What We Can Expect From Phoebe Philo's New Brand
The British designer departed Celine three years ago to the pain of a legion of devotees. Now she's girding herself for something bigger: her own label
Phoebe Philo, the British designer who became perhaps the most influential woman in fashion during her decade at the helm of French fashion house Celine, announced that she will return to fashion with an eponymous luxury brand backed by LVMH.
After three years away from the industry, Philo said that she would launch a new brand “rooted in exceptional quality and design.”
“Being in my studio and making once again has been both exciting and incredibly fulfilling,” she said in a statement. “I am very much looking forward to being back in touch with my audience and people everywhere. To be independent, to govern and experiment on my own terms is hugely significant to me.”
Philo will maintain majority ownership of the new label, with French luxury conglomerate LVMH stepping in as a minority investor. Philo, never one to rush, said that further details — though not necessarily a collection — would be shared in January 2022.
During her 10 years at Celine, Philo changed the face of luxury, reframing fashion as a vehicle for the female gaze. She eschewed gimmicks and bling in favour of logo-less clothes that proved catnip for the thinking shopper (she even cast essayist Joan Didion in one of her campaigns at the age of 80).
Signatures of Philo’s Celine included oversized cardigans, trouser suits, printed silk shirts and coordinating trousers, exaggerated proportions, unsexy dresses, camel coats...
The woman herself proved just as influential as her designs. A glimpse of Philo waving from the end of a catwalk show in wide-legged trousers, a roomy polo-neck and box-fresh Adidas Stan Smith trainers was enough to ignite a mania for perfected basics and white trainers. Philo, more than Nike or Adidas or Veja, is the progenitor of the enduring trainers-with-everything aesthetic.
Her irresistible fashion formula has been unmatched since she stepped down in 2017, leaving a void that fans of Old Celine, as Philo-era Celine has come to be known, have struggled to fill. In the process, resellers have sent the price of Old Celine handbags (the Trapeze, Box, Belt and Trotteur styles included), accessories (especially Edge sunglasses and Madame booties) and ready-to-wear spiralling, with secondhand pieces sometimes surpassing original retail prices.
After she left Celine, Philo was rumoured to be the possible successor to both Karl Lagerfeld at Chanel and Azzedine Alaia — a sign of how highly industry insiders esteem her taste. Women still hungry for Philo’s fashion vision have sought consolation at The Row and Bottega Veneta (now designed by Daniel Lee, an alumnus of Philo’s Celine team). But they’ve really been waiting for the real thing. So what can we anticipate about her new label?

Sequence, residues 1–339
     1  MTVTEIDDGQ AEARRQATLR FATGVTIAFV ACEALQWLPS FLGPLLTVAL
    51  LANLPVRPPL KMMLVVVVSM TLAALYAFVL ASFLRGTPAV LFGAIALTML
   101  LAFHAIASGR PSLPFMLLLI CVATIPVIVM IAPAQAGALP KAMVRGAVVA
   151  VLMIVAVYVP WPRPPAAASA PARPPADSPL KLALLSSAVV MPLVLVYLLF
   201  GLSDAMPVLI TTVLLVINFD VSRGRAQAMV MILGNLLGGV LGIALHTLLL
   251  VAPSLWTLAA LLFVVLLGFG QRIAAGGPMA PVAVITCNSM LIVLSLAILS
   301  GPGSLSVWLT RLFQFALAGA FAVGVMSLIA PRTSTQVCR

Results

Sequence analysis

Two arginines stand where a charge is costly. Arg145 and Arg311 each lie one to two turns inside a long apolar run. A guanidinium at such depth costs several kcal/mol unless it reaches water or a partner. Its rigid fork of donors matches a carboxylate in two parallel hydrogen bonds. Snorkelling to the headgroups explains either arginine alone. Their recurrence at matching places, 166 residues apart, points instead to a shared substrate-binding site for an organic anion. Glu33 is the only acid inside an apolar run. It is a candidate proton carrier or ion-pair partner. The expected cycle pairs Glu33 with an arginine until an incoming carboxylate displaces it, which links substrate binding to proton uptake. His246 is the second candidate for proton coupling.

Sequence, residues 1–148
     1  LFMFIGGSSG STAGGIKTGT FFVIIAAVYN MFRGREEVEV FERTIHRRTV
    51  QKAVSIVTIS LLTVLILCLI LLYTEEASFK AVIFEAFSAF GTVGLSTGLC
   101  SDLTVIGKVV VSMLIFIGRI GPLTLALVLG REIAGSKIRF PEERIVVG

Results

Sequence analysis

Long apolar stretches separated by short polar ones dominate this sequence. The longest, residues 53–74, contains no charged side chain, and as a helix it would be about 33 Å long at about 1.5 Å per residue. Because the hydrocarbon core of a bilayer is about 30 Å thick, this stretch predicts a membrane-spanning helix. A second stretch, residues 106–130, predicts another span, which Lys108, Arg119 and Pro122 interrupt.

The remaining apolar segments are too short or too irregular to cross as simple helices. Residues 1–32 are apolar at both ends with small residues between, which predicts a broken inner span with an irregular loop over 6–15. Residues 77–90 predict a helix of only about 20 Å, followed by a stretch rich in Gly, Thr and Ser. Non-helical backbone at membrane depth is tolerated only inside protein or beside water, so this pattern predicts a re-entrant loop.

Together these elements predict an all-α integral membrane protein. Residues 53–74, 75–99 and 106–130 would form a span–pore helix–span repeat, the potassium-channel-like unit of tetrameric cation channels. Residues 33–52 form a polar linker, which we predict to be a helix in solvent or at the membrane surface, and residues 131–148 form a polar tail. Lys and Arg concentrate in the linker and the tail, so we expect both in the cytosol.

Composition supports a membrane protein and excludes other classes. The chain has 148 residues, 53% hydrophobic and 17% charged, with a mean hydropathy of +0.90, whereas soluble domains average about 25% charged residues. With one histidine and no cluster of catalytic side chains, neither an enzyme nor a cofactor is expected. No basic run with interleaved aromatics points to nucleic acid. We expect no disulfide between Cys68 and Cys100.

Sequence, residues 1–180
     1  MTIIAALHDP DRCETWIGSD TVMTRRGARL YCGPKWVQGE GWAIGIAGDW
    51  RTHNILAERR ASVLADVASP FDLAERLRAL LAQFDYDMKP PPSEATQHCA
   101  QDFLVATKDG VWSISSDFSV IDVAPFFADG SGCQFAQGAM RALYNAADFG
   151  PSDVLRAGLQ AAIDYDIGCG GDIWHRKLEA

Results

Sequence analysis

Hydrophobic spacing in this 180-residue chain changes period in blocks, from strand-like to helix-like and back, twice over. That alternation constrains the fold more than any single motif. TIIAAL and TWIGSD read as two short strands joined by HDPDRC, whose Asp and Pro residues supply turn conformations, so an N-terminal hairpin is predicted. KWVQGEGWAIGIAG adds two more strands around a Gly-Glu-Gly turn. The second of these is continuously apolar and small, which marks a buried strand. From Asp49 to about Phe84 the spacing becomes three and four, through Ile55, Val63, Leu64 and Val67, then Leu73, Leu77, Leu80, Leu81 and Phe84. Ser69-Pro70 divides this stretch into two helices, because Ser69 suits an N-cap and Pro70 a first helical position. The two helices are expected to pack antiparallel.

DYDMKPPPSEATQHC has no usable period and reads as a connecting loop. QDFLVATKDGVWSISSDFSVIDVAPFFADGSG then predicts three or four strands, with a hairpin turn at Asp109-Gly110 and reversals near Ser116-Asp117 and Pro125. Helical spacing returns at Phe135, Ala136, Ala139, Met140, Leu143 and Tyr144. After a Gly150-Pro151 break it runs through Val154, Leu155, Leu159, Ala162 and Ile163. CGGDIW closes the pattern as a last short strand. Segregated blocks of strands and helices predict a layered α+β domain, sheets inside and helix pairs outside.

It’ll be expensive
The phrase “rooted in exceptional quality and design” is telling. To establish herself as an eponymous luxury presence, with the backing of LVMH (owner of luxury brands including Christian Dior, Givenchy and — erm — Celine), Philo will no doubt have to set the bar high when it comes to pricing. It’s likely that her brand will come in at the higher end of the luxury price range, closer to Hermes than, say, Mulberry.
It’ll be on her own timetable
Philo was the first fashion designer at a major house to take maternity leave (when she was at Chloe). During her Celine years, she established her design studio in London, despite the brand maintaining its headquarters in Paris. She has conviction and values her independence. So there’s nothing to suggest she’ll hew to a fashion calendar that looks increasingly frantic and retrograde.
Instead, she could follow Alaia’s lead, introducing collections on her own timeline. Or she might choose to keep her collections concise, creating an accumulation of Phoebe Philo pieces rather than a brand-new range every season. Either way, it’ll be interesting to see how she rethinks the way a fashion brand works.
It’ll be accessory-forward
While her printed silk shirts, slip dresses, knitwear and tailoring remain covetable, it’s the shoes and handbags that have proven the standout cult pieces from Philo’s tenure at Celine. (Consider the enduring appeal of the glove shoe and furry sliders — and the fact that Celine creative director Hedi Slimane has kept a number of Philo-era handbag designs in production at New Celine — as proof).
Philo will know that any new brand has to launch with a robust accessories business to be a viable prospect. There’s little doubt that any handbags and shoes she presents will become instant best-sellers.
It’ll be Philo’s highest-stakes venture yet
Philo’s first job out of design school was as Stella McCartney’s assistant at Chloe. She succeeded McCartney as creative director but designed Chloe very much in the same vein as her predecessor. She moved on to Celine, just a few years after its first attempted relaunch under Michael Kors, and reinvented it into a modern luxury juggernaut. Now, unlike then, her reputation precedes her. She’s a living legend — a lot to perform up to.
Everyone will be watching
Especially, you have to imagine, Hedi Slimane. With the new brand likely to launch as the world emerges (one hopes) from nearly two years of global uncertainty as a result of the coronavirus pandemic, it could be an inflection point. It’s likely to be received as such, with everyone looking to Philo to define the future direction of fashion. We can’t wait to see it.
– The Daily Telegraph